Nevada is an early primary state, which increases its impact on the national stage. Though a typically Western, mostly rural blue state (except for Las Vegas), it elects Democrats regularly to national office, including one Adelson would dearly love to take out, Sen. Harry Reid. Adelson’s goal would be to turn the state completely red with a Senate and House contingent that is all-GOP.
But the biggest prize of all is the presidency. Adelson spent at least $150 million in 2012 trying to get Mitt Romney elected — and Mitt wasn’t even his preferred candidate. That was Newt Gingrich, whose flailing campaign, at one point, was single-handedly kept afloat by the mega donor’s cash. The Las Vegas billionaire will certainly spend more, probably far more, in the 2016 cycle. It would shock few political observers if Adelson shelled out anywhere from $250-500 million this time around.
During this cycle, Adelson is backing Sen. Marco Rubio, though he also met with Republican frontrunner, Donald Trump, for an hour before the latest debate. That meeting could become quite important if Trump wins the nomination. Despite his wealth, even Trump could not afford the $1-2 billion necessary for a presidential general election campaign. Adelson’s support could be critical to him in that event.
Though Adelson has several interests politically, he’s essentially a one-issue donor: Israel. Yes, he hates online gambling as a threat to his worldwide casino empire, but Israel is where his heart lies. Adelson wants U.S. Mideast policy to move much further to the right than it currently is. He wants Washington to be an overseas outpost of the Likud Party. If he could, he’d like to see Israel’s leader and America’s as co-presidents, co-equal partners in a joint enterprise.
Even the Israel Lobby is sometimes too moderate for him. A 2008 New Yorker profile noted that he intensely dislikes the American Israel Public Affairs Committee, or AIPAC, because he believes it’s too moderate. The fact that the largest Israel lobby group makes a point of being bipartisan (at least in name) would also rankle Adelson, who has no use for Democrats. The group and its donors raise huge sums, both for Democratic and Republican candidates.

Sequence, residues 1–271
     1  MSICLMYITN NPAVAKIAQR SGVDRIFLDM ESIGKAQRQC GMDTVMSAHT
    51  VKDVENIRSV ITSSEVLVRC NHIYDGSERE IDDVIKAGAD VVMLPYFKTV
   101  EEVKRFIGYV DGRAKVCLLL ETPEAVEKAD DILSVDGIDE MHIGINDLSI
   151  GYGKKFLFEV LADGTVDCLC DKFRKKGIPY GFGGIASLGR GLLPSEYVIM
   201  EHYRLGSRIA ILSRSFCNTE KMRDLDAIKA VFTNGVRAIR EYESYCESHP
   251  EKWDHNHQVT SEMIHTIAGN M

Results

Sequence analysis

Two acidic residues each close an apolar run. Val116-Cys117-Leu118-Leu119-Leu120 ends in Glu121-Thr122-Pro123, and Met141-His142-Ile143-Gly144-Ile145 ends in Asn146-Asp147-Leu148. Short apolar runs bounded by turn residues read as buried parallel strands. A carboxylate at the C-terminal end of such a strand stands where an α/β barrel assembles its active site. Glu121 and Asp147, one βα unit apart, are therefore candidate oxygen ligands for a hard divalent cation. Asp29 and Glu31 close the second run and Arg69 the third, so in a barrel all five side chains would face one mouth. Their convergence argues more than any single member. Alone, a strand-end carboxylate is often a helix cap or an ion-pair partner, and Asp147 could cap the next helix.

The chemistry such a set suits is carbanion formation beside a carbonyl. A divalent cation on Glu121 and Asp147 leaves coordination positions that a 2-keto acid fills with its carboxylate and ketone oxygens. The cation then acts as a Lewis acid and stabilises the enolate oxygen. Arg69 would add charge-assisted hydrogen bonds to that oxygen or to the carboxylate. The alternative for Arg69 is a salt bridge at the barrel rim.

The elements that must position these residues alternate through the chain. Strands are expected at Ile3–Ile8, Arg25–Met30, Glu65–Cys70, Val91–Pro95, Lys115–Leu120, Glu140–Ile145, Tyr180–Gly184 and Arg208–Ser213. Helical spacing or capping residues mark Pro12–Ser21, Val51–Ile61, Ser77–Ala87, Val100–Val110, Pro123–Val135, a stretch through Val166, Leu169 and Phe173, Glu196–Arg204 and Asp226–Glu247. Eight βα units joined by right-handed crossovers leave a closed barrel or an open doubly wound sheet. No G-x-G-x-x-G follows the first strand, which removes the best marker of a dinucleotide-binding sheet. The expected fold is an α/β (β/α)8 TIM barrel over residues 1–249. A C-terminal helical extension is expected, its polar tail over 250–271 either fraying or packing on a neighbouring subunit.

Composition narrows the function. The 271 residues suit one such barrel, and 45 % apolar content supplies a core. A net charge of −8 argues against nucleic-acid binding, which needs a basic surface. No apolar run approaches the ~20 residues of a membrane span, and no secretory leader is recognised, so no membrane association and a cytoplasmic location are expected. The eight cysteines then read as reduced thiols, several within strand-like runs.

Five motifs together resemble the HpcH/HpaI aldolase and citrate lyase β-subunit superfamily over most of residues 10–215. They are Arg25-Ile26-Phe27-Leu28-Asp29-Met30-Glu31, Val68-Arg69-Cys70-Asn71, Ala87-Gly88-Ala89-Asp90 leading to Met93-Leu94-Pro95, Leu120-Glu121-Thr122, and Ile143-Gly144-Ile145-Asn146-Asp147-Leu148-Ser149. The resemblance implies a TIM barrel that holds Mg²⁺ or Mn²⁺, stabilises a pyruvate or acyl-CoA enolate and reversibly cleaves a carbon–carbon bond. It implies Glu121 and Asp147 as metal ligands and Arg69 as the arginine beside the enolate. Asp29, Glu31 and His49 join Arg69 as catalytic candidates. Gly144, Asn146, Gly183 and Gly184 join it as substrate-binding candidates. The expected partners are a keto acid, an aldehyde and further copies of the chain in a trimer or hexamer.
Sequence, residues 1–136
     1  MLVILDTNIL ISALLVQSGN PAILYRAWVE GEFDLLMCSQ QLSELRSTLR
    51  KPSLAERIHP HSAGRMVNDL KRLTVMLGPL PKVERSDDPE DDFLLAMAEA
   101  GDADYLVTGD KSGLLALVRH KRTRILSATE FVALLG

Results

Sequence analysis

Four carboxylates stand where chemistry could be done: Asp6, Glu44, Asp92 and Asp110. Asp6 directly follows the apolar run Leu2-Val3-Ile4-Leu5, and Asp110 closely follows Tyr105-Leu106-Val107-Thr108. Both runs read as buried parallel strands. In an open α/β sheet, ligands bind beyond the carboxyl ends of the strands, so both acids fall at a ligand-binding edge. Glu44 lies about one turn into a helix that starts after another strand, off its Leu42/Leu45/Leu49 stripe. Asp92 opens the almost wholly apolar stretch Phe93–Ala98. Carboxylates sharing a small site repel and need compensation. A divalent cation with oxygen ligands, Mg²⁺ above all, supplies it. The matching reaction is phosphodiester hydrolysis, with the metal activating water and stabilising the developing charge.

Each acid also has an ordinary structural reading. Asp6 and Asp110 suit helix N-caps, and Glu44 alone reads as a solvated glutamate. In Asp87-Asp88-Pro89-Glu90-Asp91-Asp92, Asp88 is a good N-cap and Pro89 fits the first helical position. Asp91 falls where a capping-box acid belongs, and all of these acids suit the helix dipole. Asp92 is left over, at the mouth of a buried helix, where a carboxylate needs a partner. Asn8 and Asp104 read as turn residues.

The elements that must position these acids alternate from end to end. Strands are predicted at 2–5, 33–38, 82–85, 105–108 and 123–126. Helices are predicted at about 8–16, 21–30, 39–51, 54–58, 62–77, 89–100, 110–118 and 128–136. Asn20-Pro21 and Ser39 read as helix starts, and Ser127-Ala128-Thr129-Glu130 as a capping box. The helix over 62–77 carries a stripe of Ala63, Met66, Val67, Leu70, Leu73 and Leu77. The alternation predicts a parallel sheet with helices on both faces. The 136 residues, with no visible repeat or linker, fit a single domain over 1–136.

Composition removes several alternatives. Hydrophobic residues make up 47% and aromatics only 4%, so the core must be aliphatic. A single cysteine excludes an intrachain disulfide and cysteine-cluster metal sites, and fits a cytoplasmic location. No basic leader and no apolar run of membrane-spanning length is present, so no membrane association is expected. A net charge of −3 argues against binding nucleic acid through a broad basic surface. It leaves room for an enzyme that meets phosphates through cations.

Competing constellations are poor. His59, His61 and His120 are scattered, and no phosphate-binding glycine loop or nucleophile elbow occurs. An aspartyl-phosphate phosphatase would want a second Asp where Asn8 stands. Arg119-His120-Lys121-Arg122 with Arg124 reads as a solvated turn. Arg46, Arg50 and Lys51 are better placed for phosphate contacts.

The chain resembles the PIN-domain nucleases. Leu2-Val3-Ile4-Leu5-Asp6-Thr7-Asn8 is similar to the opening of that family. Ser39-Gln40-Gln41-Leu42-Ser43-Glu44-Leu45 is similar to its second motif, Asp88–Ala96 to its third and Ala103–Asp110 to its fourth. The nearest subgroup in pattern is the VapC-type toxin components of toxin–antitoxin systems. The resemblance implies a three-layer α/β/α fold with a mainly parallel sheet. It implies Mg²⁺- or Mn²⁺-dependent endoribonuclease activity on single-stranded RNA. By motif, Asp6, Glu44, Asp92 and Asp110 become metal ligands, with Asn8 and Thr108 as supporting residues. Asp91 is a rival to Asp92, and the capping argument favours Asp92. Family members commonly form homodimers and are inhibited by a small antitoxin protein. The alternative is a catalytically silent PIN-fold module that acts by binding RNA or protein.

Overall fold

Also important is the role his new media investment can play in defending him from a continuing federal investigation, a whistleblower lawsuit of a former Sands executive, and another lawsuit by a former Chinese business partner in his Macao property. All of these have cast a large pall over Adelson and his business empire. There can be no doubt that any Democratic administration would enjoy taking its pound of flesh from Adelson, who is one of the largest donors to the national GOP.
Returning to the Review-Journal, it’s worth speculating on whether there may be a role for Russel Pergament in the new venture. Michael Schroeder clearly is intended to be the business operations manager. While Pergament has expertise in this side of newspapering, he would also bring the requisite pro-Israel political messaging to the paper.
For a sense of where he stands, the Jewish Press, a Kahanist New York publication interviewed Pergament in 2014, where he spoke about his views:
Media coverage of Israel around the world is not merely unfriendly but reflexively hostile. There almost is a conspiracy in the media to somehow delegitimize Israel and make it hesitant and ashamed to use its legitimate means of self-defense. In some ways, it’s like liberal media are trying to impose an externally imposed unilateral disarmament on Israel. That troubled me a lot.